Does it violate the Hatch Act? Probably. Acting Secretary of Homeland Security, Chad Wolf, was acting in his official capacity, clearly on-duty, performing a legally binding ceremony in the White House. Because this was used during a political convention in support of the re-election of Donald Trump, it is a seemingly clear violation of the Hatch Act. White House officials have defended the action in a statement, "The White House publicized the content of the event on a public website this afternoon and the campaign decided to use the publicly available content for campaign purposes." The argument seems to be that because the original intent of the ceremony was not to use it for the campaign, it was not a violation.
All three of the questionable actions mentioned above effectively blur the line between the Executive Branch's role in governing and their role in getting Trump reelected. Even though it is unclear whether these actions were technically violations of the Hatch Act, they certainly violate the spirit of the act. Free and fair elections are the foundational principle of Democracy, but Trump and his administration don't seem to care about the rules in place to keep things fair. Americans deserve a federal government that works for everyone, not one that can't seem to tell the difference between campaigning and governing.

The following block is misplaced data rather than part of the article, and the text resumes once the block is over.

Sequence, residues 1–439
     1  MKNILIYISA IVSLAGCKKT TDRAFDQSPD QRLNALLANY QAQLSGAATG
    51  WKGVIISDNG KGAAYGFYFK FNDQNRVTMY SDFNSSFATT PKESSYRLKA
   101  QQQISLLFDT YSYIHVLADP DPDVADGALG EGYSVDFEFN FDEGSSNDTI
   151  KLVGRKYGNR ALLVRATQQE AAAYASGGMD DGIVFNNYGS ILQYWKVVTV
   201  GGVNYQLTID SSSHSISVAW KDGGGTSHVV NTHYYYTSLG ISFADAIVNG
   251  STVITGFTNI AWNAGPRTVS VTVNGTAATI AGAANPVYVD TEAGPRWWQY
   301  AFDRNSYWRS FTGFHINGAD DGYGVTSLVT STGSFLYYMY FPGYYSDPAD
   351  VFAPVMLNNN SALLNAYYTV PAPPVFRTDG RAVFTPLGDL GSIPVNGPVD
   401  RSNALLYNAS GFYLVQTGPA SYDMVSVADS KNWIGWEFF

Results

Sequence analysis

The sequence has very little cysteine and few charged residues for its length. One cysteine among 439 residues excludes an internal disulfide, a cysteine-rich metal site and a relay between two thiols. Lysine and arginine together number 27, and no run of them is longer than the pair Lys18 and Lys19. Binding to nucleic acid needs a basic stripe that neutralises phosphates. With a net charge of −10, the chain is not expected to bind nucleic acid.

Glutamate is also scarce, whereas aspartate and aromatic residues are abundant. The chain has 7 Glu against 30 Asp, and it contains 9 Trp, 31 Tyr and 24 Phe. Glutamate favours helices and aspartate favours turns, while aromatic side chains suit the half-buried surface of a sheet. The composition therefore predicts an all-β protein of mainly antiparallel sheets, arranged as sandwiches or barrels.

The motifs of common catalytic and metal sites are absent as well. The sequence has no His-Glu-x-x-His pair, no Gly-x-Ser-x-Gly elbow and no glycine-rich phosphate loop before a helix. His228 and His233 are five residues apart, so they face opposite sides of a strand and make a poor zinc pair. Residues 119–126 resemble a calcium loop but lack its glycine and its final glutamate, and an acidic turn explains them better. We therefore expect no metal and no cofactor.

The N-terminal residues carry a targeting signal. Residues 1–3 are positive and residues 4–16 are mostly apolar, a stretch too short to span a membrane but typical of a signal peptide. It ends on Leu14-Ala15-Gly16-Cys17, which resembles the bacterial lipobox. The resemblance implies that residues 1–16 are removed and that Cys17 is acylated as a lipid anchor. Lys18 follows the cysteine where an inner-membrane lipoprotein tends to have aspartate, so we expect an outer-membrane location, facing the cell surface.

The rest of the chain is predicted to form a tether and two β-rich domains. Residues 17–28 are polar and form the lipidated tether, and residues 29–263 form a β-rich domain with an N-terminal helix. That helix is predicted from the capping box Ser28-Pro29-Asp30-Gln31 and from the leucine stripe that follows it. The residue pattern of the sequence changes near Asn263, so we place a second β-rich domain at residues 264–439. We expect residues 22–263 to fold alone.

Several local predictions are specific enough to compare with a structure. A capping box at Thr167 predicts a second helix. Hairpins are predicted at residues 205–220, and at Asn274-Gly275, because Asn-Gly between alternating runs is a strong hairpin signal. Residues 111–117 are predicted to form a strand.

For more well-researched, unbiased information on today's biggest issues, follow Alexandra's Instagram account The Factivists.
A vote for Kanye is a vote for the spoiler effect.
When Kanye West announced he was running for president on July 4th 2020, most people thought it was just a joke or maybe a publicity stunt.
But he will now officially appear on the ballot in Arkansas, Oklahoma, and Missouri and is making an effort to appear on several other states' ballots. However, that doesn't mean you should consider him to be a viable candidate, and here's why:
Ed Marky is a real one.
Massachusetts senator Ed Markey might look like your average outdated boomer, but make no mistake—Markey is a legend.
Markey may be 74 years old, but he's been fighting the good fight for a long time, serving as one of the most progressive members of Congress for over four decades. He co-sponsored the Green New Deal alongside Alexandria Ocasio-Cortez and Bernies Sanders, strongly advocates for single-payer healthcare, and believes in preserving an open Internet. In short, this dude is the real deal.
Give us your best meme of Kamala destroying Pence at the debates: GO!
After months of deliberation, Joe Biden has picked Senator Kamala Harris as his running mate.